Videodrone Essentials: 'Cabaret' at 40
Bob Fosse's superb adaptation of the Broadway musical won eight Oscars
"Cabaret: 40th Anniversary" (Warner)
Bob Fosse's superb adaptation of the Broadway musical redesigned the show to make a musical for a modern audience -- every song is organic to the film, arising from a “realistic” situation, while still performing as commentary, dramatic counterpoint, or emotional expression, and the change required new numbers to be written for the film -- and even rewrote some of the book by returning to the original source material (the play "I Am a Camera" and the stories of Christopher Isherwood). The resulting film won eight Academy Awards, including Best Director for Fosse and Best Actress for Liza Minnelli. It lost out the Best Picture Oscar to "The Godfather."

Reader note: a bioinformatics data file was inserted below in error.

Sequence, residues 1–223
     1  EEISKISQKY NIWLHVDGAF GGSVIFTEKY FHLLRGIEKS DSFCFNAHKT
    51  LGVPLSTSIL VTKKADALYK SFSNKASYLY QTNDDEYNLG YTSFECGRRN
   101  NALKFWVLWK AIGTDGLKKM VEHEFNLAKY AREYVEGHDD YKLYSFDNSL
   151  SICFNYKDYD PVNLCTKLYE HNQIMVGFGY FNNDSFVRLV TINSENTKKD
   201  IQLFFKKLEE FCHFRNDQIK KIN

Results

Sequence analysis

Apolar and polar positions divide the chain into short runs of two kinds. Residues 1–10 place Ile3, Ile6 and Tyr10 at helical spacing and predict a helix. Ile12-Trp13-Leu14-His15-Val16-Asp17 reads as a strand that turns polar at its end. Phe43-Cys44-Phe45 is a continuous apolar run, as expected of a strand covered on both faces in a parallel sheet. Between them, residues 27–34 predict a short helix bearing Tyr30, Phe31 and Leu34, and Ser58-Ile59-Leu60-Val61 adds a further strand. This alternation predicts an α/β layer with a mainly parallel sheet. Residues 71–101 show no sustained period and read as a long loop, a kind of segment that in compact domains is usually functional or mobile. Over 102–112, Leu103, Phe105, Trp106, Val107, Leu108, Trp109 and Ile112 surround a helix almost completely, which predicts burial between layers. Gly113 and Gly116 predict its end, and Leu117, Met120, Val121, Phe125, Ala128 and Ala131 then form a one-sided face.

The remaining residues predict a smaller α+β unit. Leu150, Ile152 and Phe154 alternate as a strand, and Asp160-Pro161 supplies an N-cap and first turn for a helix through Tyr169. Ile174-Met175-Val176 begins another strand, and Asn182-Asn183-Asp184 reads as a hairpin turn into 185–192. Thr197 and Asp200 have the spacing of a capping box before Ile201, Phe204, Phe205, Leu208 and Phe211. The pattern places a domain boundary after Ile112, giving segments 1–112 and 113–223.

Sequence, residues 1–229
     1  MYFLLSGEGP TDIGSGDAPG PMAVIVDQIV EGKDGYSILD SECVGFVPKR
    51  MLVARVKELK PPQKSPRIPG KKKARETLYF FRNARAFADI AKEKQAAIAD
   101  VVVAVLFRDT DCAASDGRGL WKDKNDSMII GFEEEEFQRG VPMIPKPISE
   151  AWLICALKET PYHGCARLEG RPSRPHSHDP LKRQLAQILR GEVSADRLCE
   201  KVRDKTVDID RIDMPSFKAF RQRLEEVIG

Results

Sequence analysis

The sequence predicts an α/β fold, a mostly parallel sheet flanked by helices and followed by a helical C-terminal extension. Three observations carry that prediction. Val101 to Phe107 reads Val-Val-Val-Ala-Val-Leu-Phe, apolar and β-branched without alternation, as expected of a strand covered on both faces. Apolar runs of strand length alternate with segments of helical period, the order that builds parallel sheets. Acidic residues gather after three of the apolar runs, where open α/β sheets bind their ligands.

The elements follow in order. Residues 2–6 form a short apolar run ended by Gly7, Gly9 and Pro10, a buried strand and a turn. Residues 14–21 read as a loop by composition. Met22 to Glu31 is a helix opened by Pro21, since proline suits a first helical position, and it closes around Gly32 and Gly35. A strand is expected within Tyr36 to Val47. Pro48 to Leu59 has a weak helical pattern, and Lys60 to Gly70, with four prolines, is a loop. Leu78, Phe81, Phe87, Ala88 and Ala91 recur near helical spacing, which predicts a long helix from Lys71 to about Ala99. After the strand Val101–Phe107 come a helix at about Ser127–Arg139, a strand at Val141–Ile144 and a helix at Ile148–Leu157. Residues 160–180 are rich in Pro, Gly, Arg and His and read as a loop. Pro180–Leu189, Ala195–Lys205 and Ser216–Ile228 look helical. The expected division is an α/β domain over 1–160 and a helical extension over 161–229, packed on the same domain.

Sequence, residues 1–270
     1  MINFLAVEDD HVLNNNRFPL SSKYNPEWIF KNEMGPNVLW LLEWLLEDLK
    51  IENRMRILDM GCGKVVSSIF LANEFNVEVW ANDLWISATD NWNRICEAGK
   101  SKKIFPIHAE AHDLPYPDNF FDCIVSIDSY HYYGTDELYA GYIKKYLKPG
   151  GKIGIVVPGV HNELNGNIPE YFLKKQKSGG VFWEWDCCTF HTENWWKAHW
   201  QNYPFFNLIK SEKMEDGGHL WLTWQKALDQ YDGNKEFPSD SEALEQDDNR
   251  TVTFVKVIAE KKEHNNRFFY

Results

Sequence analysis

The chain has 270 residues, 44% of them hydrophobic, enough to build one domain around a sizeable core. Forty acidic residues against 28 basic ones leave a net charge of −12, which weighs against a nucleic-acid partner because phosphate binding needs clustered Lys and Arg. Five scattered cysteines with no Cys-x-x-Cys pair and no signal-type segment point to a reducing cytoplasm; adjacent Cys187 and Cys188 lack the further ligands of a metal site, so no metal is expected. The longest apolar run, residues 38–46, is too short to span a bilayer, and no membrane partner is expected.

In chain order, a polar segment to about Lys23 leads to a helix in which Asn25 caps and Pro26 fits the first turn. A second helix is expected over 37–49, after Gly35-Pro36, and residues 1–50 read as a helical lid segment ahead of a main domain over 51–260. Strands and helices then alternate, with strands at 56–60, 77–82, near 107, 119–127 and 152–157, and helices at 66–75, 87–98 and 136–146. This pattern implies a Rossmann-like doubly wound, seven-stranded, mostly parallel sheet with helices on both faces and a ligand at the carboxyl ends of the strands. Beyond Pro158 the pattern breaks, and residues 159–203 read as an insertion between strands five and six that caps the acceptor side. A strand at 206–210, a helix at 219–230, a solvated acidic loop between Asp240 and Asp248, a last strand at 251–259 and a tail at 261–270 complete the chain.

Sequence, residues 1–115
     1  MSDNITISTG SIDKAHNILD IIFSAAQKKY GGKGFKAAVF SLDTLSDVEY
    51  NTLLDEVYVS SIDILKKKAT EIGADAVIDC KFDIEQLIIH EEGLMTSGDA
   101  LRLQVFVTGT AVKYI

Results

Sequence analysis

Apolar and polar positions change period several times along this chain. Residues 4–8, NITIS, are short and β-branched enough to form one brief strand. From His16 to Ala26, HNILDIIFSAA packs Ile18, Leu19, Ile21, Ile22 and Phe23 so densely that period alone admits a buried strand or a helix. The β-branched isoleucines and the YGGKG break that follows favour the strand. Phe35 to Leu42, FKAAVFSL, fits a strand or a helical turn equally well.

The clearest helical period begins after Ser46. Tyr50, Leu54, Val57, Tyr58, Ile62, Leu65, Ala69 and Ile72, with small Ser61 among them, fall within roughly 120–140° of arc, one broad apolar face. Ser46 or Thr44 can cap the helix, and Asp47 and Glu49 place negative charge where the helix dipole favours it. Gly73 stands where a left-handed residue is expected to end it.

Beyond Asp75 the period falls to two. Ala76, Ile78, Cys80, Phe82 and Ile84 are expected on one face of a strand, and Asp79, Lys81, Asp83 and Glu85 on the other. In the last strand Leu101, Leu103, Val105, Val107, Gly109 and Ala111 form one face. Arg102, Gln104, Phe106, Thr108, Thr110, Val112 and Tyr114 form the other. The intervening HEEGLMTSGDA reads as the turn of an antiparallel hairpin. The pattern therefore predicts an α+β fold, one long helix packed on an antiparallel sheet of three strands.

Your master of ceremonies Joel Grey (who won an Oscar for recreating his Broadway role) welcomes you to this portrait of the Berlin of the Weimar Republic, which charts the end of the flowering of German arts and the growing power of the Nazi party through two intimate stories and the burlesque songs of the cabaret. Fosse’s “divinely decadent” touch brings a garish energy to the music hall performances, all the better to counterpoint the ironic “Tomorrow Belongs to Me,” or the moments of violence outside the club. Michael York plays the Isherwood role, a young British writer named Brian Roberts who befriends American singer Sally Bowles (Minnelli), and Helmet Griem and Marisa Berenson co-star.